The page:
Lights On Afterschool: Have fun, show off, and support systems building

Guest post by Jennifer Rinehart

The annual Lights On Afterschool celebration is coming up on October 17th. Each year, 1 million Americans celebrate Lights On Afterschool to shine a light on the after-school programs that keep kids safe, inspire them to learn, and help working families. One of the reasons that Lights On Afterschool has grown into a national celebration involving nearly 10,000 communities is because local programs have embraced it as a way to meet some of their big-picture needs, including:

After-school systems can think of Lights On Afterschool in the same way. The annual event can help meet your existing systems-building goals.

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Investing in Youth as Agents of Change

Guest post by Wokie Weah

Xue Yang wants to transform his community by providing young people with opportunities to learn more about business and make local connections. Rachel Huss, a substitute teacher in Minneapolis Public Schools, plans to create a curriculum that incorporates Theater of the Oppressed in ESL/ELL classrooms and as a tool to combat gang violence. Edwin Gonzalez sees urban farming as a tool to educate and organize youth around food justice.

Change Fellows taking part in team-building activities at the start of the fellowship. Photo courtesy of Youthprise.

Change Fellows take part in team-building activities at the start of the fellowship. Photo courtesy of Youthprise.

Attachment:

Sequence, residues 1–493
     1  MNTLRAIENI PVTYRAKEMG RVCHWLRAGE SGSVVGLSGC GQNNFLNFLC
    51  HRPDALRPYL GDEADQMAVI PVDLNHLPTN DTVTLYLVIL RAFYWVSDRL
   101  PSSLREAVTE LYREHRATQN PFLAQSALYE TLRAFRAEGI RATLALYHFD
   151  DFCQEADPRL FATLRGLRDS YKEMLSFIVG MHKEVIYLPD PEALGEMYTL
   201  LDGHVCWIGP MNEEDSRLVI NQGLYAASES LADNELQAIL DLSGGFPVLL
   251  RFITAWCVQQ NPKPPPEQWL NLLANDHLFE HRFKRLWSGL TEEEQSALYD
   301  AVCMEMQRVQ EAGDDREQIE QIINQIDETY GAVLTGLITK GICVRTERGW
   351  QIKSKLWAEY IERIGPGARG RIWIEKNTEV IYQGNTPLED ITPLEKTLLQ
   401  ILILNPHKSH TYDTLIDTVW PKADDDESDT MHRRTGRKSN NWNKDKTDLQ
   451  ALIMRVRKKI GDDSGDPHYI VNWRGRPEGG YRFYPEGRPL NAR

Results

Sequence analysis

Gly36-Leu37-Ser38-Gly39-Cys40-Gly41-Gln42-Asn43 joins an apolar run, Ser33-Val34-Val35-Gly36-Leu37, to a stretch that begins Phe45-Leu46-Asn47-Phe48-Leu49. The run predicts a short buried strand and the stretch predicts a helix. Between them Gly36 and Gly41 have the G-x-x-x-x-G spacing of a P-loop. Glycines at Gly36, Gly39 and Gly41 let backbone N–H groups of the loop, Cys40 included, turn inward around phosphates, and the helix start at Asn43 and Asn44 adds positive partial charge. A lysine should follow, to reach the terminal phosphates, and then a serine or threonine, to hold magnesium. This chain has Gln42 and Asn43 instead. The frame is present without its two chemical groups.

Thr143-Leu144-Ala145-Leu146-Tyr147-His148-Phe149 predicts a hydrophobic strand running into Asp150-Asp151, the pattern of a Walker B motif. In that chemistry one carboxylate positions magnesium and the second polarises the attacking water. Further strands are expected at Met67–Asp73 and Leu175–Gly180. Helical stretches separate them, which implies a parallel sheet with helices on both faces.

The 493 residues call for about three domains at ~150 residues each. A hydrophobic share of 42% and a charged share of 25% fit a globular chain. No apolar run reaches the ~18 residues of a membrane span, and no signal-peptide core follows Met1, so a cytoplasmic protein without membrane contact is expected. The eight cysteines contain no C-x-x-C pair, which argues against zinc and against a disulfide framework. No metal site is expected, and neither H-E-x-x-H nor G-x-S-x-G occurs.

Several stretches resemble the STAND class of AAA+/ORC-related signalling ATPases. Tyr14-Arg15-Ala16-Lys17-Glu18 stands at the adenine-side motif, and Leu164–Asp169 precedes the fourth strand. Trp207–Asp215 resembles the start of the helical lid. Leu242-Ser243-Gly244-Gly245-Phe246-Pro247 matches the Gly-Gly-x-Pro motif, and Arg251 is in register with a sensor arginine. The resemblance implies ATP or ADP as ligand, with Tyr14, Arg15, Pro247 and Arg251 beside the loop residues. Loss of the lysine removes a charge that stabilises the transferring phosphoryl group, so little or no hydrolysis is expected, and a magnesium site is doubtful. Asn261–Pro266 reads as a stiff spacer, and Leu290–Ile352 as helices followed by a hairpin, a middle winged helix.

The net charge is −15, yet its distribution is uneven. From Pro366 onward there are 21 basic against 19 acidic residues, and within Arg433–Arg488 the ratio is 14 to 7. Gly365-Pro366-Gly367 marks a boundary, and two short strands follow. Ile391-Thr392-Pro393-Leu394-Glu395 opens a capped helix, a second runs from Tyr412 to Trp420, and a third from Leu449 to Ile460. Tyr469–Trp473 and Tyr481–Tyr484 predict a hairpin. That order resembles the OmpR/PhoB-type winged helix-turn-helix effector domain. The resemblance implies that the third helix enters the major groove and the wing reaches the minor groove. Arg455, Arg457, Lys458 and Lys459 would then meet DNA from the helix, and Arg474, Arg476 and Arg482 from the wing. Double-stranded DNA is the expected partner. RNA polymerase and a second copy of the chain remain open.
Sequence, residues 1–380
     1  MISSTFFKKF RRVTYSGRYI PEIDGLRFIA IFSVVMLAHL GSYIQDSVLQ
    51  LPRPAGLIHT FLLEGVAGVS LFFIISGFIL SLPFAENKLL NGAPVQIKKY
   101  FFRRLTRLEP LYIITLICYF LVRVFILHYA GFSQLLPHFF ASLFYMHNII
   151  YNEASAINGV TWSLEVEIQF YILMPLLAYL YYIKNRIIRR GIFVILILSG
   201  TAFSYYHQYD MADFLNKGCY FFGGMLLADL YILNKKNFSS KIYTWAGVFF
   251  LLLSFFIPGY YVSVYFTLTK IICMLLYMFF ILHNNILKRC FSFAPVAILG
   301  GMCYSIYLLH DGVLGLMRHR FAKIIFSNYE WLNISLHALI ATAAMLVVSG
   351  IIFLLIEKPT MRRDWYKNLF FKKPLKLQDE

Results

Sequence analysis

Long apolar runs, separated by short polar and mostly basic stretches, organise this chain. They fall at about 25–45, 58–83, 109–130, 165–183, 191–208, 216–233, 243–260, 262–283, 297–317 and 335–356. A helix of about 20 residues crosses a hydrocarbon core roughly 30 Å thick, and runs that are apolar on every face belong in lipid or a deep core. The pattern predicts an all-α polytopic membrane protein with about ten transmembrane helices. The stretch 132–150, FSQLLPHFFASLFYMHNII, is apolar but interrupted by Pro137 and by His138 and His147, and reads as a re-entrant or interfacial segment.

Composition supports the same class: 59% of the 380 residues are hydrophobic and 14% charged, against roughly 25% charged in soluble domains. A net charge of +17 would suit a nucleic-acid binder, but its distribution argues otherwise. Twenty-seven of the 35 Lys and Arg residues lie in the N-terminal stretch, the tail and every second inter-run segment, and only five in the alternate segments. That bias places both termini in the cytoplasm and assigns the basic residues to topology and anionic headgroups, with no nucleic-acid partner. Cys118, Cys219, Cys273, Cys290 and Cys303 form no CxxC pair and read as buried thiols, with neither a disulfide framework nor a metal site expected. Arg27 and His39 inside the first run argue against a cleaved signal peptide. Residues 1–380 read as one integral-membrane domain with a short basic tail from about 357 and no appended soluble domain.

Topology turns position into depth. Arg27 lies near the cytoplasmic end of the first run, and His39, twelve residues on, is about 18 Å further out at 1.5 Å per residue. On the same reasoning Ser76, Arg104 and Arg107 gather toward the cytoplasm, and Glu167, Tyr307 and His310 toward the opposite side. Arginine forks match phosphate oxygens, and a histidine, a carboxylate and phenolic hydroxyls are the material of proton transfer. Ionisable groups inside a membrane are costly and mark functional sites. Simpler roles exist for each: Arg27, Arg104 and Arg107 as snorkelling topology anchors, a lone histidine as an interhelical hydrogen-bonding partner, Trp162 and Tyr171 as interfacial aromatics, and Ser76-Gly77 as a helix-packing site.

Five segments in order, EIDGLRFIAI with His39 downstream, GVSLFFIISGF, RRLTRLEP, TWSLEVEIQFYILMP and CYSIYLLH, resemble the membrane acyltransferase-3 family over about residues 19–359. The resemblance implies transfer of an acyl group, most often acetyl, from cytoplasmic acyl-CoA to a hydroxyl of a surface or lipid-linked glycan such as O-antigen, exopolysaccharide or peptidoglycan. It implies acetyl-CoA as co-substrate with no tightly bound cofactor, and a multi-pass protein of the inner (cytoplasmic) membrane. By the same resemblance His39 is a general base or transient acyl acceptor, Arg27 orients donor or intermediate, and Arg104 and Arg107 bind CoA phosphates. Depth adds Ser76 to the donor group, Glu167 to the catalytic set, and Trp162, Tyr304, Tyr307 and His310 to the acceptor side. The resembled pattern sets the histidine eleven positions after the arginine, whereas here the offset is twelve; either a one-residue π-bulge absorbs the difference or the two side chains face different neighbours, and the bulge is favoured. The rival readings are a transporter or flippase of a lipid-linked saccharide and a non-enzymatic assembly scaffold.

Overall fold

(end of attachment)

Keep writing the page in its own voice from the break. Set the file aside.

These are just a few of the big ideas from the first class of Youthprise “Change Fellows”—think Shark Tank with a social innovation twist. Launched this past summer, the Change Fellows program was designed by the Youthprise Innovator Collective. This group of eight worked to redefine philanthropy as a collaborative process in which young people, driven by their love for others, lead the allocation and redistribution of resources—whether time, talent, or funding—toward the just and authentic enrichment of their peers.

Acting on recommendations from the Collective, Youthprise invested in 10 fellows between the ages of 16 and 25 who are stirring up currents of change in their communities. We know that some of the most interesting innovations happen on the margins of fields by new players, and are betting that the Change Fellows will foster the kind of collaboration, dialogue and ideas that could stir up system-wide change.
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Back to School, Into Wonderland

Here in New York, it’s back to school for the city’s 1.1 million students. We saw them on our morning commutes today for the first time since June, heading to school on foot, bike, bus, and train, new backpacks in tow and nervous smiles on their faces.

We thought back to what the first day of school was like for us, growing up in other cities around the country. Here are some of the CBASS staff and partners’ favorite memories. Add yours in the comments below.